Patient adherence may depend on the answer to this question, so it must be asked.
Fam Pract Manag. 2006 Apr;13(4):67-69.
You’re finishing up your visit with Mrs. Allen. She’s been your patient for more than 15 years. You’ve been treating her hypertension and type-2 diabetes for most of that time. Until recently, she was able to control both with some of the newer medications for these diseases. Over the past year, however, both her hypertension and diabetes have been sliding out of control. Her weight has remained stable, and she swears she’s been following the diet the dietician recommended. You’ve added some newer medications to no avail. You are becoming increasingly frustrated and angry over your failure to help this kind lady control her medical problems.
While going over the instructions on how to take the latest hypoglycemic you are prescribing, you notice a few small holes in her sweater and that the cuffs of her blouse are fraying. Then you see the safety pin holding her glasses together. It’s a busy day, so you finish the prescription, answer her final questions and move to the next patient. You feel sure the newest medication will get her diabetes under control. You leave the room feeling you have done a good job for her, answering all her questions.
What you didn’t do was ask a very important question – one that may hold the answer to why Mrs. Allen’s hypertension and diabetes are getting out of control. You failed to inquire whether she could afford the medications you so hopefully prescribed.
Exploring your options
“Are you able to pay for your medications?” is a question many physicians never ask their patients, yet the answer may have a significant impact on patients’ conditions. One study of 660 older adults with chronic diseases found that each respondent admitted to underusing their medications during the previous year because they couldn’t afford them.1 Two-thirds of these patients never told their doctor that they couldn’t afford their medications. If we don’t ask, most patients won’t tell.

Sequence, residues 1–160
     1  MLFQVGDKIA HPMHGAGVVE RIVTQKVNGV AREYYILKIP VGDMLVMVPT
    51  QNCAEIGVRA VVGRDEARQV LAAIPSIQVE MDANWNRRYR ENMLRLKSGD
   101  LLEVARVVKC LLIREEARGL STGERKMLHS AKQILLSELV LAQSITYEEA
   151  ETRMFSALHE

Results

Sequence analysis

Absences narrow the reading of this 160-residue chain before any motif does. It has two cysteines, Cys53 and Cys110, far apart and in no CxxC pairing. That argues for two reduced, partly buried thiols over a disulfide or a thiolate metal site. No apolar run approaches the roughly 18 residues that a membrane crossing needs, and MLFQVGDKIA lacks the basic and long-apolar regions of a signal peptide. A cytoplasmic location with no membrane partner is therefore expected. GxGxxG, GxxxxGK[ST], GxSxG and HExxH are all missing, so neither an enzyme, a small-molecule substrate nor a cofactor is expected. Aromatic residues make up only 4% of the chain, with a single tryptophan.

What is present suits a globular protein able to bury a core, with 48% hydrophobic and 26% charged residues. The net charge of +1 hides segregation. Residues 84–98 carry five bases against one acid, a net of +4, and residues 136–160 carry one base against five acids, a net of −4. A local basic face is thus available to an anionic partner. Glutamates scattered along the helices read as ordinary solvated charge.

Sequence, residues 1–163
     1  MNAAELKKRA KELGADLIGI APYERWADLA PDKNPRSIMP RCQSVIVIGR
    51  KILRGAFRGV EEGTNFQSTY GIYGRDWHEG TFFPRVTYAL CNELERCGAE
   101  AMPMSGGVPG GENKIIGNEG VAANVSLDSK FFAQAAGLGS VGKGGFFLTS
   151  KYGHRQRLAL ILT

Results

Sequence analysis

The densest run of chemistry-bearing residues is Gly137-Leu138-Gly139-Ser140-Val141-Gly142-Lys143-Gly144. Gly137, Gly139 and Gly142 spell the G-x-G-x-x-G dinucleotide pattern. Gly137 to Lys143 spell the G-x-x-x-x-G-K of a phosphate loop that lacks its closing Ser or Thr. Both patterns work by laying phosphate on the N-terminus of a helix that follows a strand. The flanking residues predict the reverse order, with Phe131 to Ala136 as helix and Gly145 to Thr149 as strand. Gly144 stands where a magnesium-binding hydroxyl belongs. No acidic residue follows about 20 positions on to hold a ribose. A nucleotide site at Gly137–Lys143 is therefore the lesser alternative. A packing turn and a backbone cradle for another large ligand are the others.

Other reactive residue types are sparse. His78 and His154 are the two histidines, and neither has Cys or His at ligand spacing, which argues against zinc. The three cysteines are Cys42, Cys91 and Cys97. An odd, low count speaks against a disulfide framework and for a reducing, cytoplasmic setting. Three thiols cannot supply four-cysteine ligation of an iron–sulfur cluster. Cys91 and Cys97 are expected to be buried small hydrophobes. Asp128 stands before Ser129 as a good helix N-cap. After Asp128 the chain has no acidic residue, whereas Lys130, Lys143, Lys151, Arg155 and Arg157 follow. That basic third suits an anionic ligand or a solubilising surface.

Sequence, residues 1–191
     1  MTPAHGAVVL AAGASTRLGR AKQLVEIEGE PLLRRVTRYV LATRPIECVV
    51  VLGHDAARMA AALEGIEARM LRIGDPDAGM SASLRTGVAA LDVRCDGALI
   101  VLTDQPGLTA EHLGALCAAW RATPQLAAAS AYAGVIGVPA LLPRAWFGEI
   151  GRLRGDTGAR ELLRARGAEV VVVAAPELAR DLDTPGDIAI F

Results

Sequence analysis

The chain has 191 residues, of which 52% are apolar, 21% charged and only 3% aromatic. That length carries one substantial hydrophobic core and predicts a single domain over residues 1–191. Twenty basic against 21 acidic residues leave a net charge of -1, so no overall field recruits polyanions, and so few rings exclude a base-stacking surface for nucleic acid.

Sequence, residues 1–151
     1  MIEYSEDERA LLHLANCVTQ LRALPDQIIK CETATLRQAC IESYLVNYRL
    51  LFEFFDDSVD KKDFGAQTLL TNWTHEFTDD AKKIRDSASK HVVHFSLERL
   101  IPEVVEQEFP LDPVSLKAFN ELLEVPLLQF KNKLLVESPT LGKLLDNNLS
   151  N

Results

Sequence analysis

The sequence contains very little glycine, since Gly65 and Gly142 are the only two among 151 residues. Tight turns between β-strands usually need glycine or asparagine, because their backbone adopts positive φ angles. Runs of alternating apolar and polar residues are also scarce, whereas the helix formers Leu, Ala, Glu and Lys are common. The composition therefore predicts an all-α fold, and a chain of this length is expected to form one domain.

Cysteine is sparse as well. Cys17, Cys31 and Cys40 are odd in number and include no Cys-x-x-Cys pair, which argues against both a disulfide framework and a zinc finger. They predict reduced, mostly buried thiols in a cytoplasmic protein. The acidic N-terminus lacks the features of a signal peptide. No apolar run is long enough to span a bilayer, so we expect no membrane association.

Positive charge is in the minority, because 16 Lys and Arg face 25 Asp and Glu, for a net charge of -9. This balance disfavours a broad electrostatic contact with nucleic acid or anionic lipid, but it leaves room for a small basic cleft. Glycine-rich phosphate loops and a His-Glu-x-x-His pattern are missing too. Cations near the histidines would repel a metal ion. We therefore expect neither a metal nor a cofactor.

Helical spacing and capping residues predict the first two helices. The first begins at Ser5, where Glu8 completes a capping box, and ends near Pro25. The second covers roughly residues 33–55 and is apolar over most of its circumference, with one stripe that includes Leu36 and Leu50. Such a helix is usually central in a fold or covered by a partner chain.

As their physicians, we let these patients down in many ways. Almost 60 percent of these patients thought there was nothing their doctors could do to help them get the medications they needed.1 Of the patients who did discuss this sensitive topic with their doctor, nearly three-fourths found the discussion helpful. However, around one-third said their doctors didn’t make any changes to generic or less expensive medications.
It’s not only the elderly who can’t afford their medications. Many people with jobs do not have health insurance. A Kaiser Family Foundation study found that 80 percent of people without health insurance come from working families.2 Many small businesses don’t offer health insurance to their employees, and many employees who have the option to buy health insurance at work can’t afford to. More and more, health care and health insurance costs must be borne by the individuals.
Physicians can and should take steps to make sure their patients, regardless of age or employment status, get the medications they need. There are several ways you can help – even from the examination room.
Consider non-medicinal treatments. Be sure you have fully explored lifestyle changes with your patients. Weight loss, smoking cessation, exercise, relaxation, etc. – all are important, inexpensive and can make a big difference. But lifestyle changes can go only so far.
Prescribe generics. When it’s possible, prescribing generics can save big bucks. They can cost up to 90 percent less than the brand-name version of the same drug, and they are just as effective.
Try older drugs first. The pharmaceutical manufacturers try hard to convince patients and doctors that the latest medications are better than older products. Sometimes it’s true, but frequently the newer drugs aren’t that much better and are definitely more expensive. Some of the newer drugs are more effective for certain patients, but try the older, more established and usually less expensive drugs first.
Learn drug prices. Be honest: Do you know the price of the medications you prescribe? You may know the costs of medications you or your family members take, but can you list the prices for your top 10 prescribed medications? Check them out; you may be surprised.